Agent-based Gesture Tracking

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Human Tracking using Agent-Based Architecture

Project Team

  • Dr. Francis Quek
  • Dr. Yong Cao Assistant Professor, Dept. of Computer Science
  • Seung-In Park Graduated PhD Student
  • Xiao Lin
  • Chao Peng Graduated PhD Student
  • Bing Fang Graduated PhD Student
  • Liguang Xie Graduated PhD Student
  • Pak-Kiu Chung Graduated-MS Student
  • Yannick Verdie Graduated-MS Student

Note: This is a recently completed project that is currently dormant

Project Overview

Agent-based approaches have had a long history, dating back to the 1970's when they were first introduced within the context of distributed artificial intelligence [Durfee,1989]. Since then, agent-based approaches have been applied in a wide variety of domains, from business, to game simulations, to computer vision architectures [Inverno,2001; Luck,2004; Bryll,2005]. Key aspects of agent-based systems are the agent system architecture, inter-agent communication, and agent design [Wooldridge,1995; Ferber,1999; Stone,2000; Luck,2004; Sterling,2005]. One way to think about agent-based approaches is that they provide a means of modeling that distributes the complexity of a particular problem domains across a set of agents, thereby limiting the complexity within each agent. The solution is then divided across the agents and the communication among them. Agent-based systems have often been compared to standard object-oriented approaches that also decompose complexity by a process of encapsulation within objects and object interfaces. The key difference between object-based and agent-based systems is that the agents in the latter are active and autonomous entities, thereby distributing both the process as well as the representation, while object-based systems distribute representation while maintaining centralized processing.

Agent-based approaches have been applied in computer vision and human-body tracking [Cheng,1995; Luckenhaus,1997; Shang,1999; Saptharishi,2000; Infantino,2002; Zhou,2003; Shakshuki,2003; Bryll,2005]. The typical approach is to model the processing components as agents (e.g., edge detection agent, feature matching agent, color segmentation agent, labeling), or to assign different areas in the visual field to specific agents, or to model the entire user interface as an 'interface agent'. Lukenhaus and Eckstein describe a novel application of agents to support parallel processing by which the generic agents apply a set of operators to solve the image processing task. The agents essentially serve as computing resource schedulers. Hence, in a more general sense, the agent represent the processing operators they schedule.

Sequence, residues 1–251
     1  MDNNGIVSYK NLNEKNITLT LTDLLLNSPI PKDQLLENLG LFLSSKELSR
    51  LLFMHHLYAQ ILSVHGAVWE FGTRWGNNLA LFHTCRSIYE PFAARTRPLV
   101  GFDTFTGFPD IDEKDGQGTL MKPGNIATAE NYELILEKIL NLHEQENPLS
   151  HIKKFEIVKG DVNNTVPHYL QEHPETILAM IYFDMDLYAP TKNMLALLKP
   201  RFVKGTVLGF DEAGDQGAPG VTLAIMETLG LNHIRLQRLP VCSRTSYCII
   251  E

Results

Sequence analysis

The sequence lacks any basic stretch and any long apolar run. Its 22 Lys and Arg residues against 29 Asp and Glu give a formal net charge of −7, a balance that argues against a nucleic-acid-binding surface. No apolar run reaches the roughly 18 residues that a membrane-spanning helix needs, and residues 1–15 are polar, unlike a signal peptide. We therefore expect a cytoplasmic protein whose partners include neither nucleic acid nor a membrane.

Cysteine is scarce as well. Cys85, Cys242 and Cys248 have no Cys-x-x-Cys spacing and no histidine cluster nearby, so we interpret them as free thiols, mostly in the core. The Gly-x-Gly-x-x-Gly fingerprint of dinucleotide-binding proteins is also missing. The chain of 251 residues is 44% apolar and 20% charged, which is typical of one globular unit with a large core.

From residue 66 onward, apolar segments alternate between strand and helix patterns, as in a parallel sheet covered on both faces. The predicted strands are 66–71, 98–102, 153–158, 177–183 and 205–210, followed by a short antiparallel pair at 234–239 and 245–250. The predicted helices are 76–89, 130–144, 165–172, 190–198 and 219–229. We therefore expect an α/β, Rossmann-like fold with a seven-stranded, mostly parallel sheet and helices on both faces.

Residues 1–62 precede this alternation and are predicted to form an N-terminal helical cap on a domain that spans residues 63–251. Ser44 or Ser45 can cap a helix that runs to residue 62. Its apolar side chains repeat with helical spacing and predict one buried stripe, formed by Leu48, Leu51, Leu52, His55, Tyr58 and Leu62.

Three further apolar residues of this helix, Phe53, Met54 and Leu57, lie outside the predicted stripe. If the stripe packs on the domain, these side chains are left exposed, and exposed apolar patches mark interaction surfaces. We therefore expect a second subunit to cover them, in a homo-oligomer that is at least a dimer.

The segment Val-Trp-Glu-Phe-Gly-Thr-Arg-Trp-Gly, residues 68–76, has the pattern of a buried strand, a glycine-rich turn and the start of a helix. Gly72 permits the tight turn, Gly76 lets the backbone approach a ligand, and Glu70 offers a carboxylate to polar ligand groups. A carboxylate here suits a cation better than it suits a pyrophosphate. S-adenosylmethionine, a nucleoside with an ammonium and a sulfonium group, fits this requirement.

We also introduced our design in [Bryll,2005; Fang,2008]. Our approach departs from this process-centric model where the agents are bound to specific processes, and introduces a model by which agents are bound to the objects or sub-objects being recognized or tracked. This decomposition by object rather than process furnishes our approach with greater flexibility since the agents can apply very specific operations and features, and can be adapted for a variety of sensing environments. In this, we follow Bryll et al. The difference is that [Bryll,2005] takes a rigid bottom-up approach where features (blobs) become labeled as specific body parts, and coalitions of body parts are constructed that satisfy certain relational constraints. The problem with this approach is that if the low-level features are erroneous (e.g, blobs are merged or fragmented), the agents are unable to recover from the error. In the approach described in this paper, the 'body-part agents' are abstractly defined, and they seek 'evidence' for their existence and location by examining the low-level features at their disposal. Hence, specific knowledge is encoded within each agent, and the knowledge about the entire body being tracked is encoded in a 'body agent' that models the relationship among the body parts.


This research is to apply agent-based architecture onto vision-based gesture tracking. Our first agent-based framework was built in our paper Hand Tracking using Agent-based Framework. In the research, we prototyped the agent-based into a hierarchical structure, and the agent-based system gives us a new way to think about tracking tasks. The paper was succeed to get reward of “Best External Paper Award” on the 5th international conference on Visual Information Engineering (VIE 08).

With the succeed in VIE, we further extended our agent-based tracking system. TSAI’s calibration algorithm is introduced as one of the agents into our system, and the 3D skeleton-model is employed to do tracking in 3D space. We succeed in reconstruct 3D animation for full-body and half-body human motion gestures.

Since it’s also Bing's PhD dissertation topic, he will be in charge of updating the status of this fantastic project.


  • Bing Fang, Pak-Kiu Chung and Francis Quek, Hand Tracking Using Agent-Based Framework, The 5th International Conference on Visual Information Engineering, July, 2008, Xi’an, China. (Awarded as Best External Paper)
  • Bing Fang, Liguang Xie, Pak-Kiu Chung, Yong Cao and Francis Quek, Full Body Tracking Using An Agent-Based Architecture, Applied Imagery Pattern Recognition 2008, Dec, 2008, Washington D.C., Virginia, USA.
  • Bing Fang, Liguang Xie, Seung In Park, Chao Peng, Yong Cao and Francis Quek, Upper Body Tracking and 3D Gesture Reconstruction Using Agent-Based Architecture, submit to IET 09.


This research has been partially supported by NSF grants “Embodied Communication: Vivid Interaction with History and Literature,” IIS-0624701, “Interacting with the Embodied Mind,” CRI-0551610, and “Embodiment Awareness, Mathematics Discourse and the Blind,” NSF-IIS- 0451843.